Guinea's military has named a new head of the contentious electoral commission in hopes of pushing through with Sunday's delayed presidential election. Witnesses say police Tuesday killed two supporters of the leading candidate in that vote.
Guinea's interim military ruler General Sekouba Konate has moved to resolve a dispute over the electoral commission that has threatened to further delay Sunday's vote.
In a statement read on national television by presidential spokesman Mohamed Kasse, General Konate says he made the decision after receiving the recommendations of the international community and working with Conakry's diplomatic corps to keep Sunday's second-round presidential run-off on track.
General Konate named General Siaka Toumany Sangare to head the independent national electoral commission. Sanagre has been a technical assistant to the commission and Guinea's ministry of territorial affairs for this vote.
He replaces Louceny Camara, who has been accused of bias by the first-round winner,former prime minister Cellou Diallo.
Diallo's party and human rights officials say police Tuesday shot and killed two Diallo supporters during rock-throwing protests in the capital. Police fired tear gas late Monday to break up a similar protest.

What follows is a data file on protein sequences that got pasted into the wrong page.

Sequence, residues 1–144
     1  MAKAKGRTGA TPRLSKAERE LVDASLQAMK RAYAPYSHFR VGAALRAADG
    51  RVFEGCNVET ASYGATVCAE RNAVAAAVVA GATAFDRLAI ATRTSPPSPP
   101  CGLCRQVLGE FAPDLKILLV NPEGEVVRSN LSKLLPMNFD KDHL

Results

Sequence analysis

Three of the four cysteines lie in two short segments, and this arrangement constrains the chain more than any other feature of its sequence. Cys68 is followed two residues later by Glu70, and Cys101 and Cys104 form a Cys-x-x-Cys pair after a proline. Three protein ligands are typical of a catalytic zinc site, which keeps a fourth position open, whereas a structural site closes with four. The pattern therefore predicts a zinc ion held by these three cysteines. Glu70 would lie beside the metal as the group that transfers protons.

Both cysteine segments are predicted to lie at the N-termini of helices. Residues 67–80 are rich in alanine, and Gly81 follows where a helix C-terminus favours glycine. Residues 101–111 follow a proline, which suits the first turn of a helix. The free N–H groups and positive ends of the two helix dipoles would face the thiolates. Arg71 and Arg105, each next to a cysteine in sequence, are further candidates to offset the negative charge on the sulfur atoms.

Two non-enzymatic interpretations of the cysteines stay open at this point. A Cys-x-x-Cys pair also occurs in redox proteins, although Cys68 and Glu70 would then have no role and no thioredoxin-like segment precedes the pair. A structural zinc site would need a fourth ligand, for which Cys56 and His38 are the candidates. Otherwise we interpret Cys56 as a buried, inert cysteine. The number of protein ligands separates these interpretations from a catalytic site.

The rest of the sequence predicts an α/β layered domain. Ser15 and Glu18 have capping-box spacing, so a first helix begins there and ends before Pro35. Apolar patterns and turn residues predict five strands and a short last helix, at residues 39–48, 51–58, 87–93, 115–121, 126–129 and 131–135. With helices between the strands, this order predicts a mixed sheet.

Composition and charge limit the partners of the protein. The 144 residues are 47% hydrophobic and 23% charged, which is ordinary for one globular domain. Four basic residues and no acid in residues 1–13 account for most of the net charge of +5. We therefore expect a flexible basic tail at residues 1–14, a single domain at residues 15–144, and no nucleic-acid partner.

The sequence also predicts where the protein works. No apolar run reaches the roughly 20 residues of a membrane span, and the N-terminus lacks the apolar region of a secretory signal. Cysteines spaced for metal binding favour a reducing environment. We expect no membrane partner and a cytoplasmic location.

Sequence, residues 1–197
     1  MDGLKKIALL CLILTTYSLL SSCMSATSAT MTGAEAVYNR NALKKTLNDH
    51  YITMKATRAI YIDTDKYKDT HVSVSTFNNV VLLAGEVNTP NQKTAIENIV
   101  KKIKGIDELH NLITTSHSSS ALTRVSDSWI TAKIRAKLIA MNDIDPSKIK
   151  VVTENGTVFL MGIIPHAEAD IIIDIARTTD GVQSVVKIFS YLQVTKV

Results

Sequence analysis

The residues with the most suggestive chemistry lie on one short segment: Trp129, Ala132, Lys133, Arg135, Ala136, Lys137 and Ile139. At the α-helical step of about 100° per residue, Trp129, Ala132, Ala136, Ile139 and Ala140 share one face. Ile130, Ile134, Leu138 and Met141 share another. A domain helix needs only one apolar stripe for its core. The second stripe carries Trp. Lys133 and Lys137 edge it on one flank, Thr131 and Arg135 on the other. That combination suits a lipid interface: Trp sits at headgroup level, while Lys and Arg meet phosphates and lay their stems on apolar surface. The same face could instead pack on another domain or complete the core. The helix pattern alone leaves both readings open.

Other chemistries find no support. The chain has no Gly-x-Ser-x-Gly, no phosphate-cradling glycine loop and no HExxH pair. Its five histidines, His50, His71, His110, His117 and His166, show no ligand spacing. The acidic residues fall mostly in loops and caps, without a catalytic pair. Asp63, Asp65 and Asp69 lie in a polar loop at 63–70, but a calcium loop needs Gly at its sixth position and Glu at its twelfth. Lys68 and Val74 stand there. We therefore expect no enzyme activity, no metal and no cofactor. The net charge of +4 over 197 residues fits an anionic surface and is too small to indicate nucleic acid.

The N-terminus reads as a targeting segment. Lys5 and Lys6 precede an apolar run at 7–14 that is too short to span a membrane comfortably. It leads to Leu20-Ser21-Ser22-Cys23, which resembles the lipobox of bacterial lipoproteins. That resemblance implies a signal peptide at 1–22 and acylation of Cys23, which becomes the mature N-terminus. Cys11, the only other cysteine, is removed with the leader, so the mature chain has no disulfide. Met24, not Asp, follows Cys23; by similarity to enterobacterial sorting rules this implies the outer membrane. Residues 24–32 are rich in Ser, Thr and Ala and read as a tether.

Minister of State Tibou Camara called on both Diallo and his opponent Alpha Conde to ensure that this vote comes off peacefully.
Camara says Diallo and Conde should together examine the immediate questions facing this election since they have already agreed to include the loser in the winner's government. Camara says General Konate has now unblocked one of the obstacles by naming a new electoral chief, so that should help ensure a disciplined, orderly, and peaceful second round.
In the name of General Konate, Camara says he would like to launch an appeal to Guinea's political class that democracy can not advance in a climate of violence and defiance of the institutions in place to conduct this election.
Asked about the likelihood that Sunday's vote will be held on schedule, Camara says electoral officials see no technical reasons why it should not.
The vote is meant to return Guinea to civilian rule nearly two years after the military took power following the death of long-time leader Lansana Conte.